The answer to this question lies at the feet of the church leadership. How you answer will reveal your true priorities in ministry. Our short answer is, “As soon as possible.” However, the answer may vary widely depending on your local situation and ethos. Let’s consider several scenarios that may illustrate how your church may answer this question.

Consider a church which, by God’s grace, has an excellent, well-informed lay leader for missions ministries. This person may have considerable cross-cultural field ministry experience. This person should have good leadership and administrative skills. This person is committed to the local church and understands how your church leadership decision-making operates. This person may serve on the elder or leadership board of the church. This person should have significant time available to commit to their missions leadership role in the church. When a local church is blessed with a person like this, someone who works closely and well with church leadership and staff, you may not feel the need to hire a Missions Pastor. This case does not mean that hiring a Missions Pastor wouldn’t produce better results; neither does it mean that you should never consider “hiring” a Missions Pastor; rather, it means that your church may have more resources to exercise stewardship along different lines of priority. We have seen this scenario work well: a senior church leader/businessman functions as the missions leader until retirement, then becomes a volunteer staff Missions Pastor as a transition for the church to eventually hire a Missions Pastor.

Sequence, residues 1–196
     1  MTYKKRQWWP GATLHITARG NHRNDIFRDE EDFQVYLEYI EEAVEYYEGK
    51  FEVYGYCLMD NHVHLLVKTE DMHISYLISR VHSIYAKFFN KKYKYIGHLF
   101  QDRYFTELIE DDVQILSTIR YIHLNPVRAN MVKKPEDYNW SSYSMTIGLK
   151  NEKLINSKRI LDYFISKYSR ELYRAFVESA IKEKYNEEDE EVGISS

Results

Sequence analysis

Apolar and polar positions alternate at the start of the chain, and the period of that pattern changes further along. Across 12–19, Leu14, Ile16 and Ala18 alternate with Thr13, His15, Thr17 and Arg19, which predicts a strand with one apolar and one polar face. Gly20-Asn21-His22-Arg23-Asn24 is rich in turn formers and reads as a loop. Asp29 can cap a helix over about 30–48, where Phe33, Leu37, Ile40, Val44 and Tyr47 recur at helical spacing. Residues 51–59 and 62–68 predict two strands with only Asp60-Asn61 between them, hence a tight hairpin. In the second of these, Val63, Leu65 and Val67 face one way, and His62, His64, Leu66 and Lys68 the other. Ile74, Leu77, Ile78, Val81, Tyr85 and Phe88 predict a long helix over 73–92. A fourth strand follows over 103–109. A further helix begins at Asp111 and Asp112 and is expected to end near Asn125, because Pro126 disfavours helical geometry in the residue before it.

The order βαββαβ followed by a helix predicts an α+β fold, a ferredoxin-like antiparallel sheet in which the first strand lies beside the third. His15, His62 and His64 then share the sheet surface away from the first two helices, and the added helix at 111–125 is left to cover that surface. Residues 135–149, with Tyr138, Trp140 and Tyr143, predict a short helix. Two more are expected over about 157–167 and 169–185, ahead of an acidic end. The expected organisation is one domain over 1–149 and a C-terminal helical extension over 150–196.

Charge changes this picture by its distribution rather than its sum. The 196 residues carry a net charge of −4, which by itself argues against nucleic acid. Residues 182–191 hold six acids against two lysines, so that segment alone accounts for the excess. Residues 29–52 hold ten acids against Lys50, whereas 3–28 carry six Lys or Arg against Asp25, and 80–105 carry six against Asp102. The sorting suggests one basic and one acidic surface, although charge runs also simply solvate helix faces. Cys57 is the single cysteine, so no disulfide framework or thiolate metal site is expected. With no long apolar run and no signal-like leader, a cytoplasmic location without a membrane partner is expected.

Consider a small, one-staff church wanting to grow. We’ve stated previously, “If we were consistent in biblical priorities, the second staff pastor of a church would be a Missions Pastor.” The Missions Pastor is rarely a full-time position, especially in a small to medium sized church. It is quite common for a missions-minded church to make the second full-time pastor position a combination of roles. Among those potential roles: Missions Pastor, Youth Pastor, Worship Pastor, Small Group/Discipleship Pastor, Evangelism/Outreach Pastor, Counseling Pastor, University and Young Professionals Pastor, “Enfolding” Pastor, Administrative/Executive Pastor. In our experience, the best Missions Pastors are those gifted in administration and communication. it’s takes a lot of organizational leadership skills to lead, facilitate, and mobilize the church body in this complex, international endeavor toward fulfilling the Great Commission. If the church leadership wants to make missions a priority and grow significantly in vision for ministry outside the walls of the church property, there is no clearer statement than hiring and giving the (at least part-time) responsibility for facilitating missions ministry development to a full-time staff pastor. Be careful to not give untested or broad-scope authority to a greenhorn. i.e. – If your new half-and-half Missions Pastor – Young Adult Pastor is coming straight from seminary graduation, he will most certainly need significant on-the-job training and experience under wise guidance from qualified lay leaders before he exercises significant policy or decision-making powers.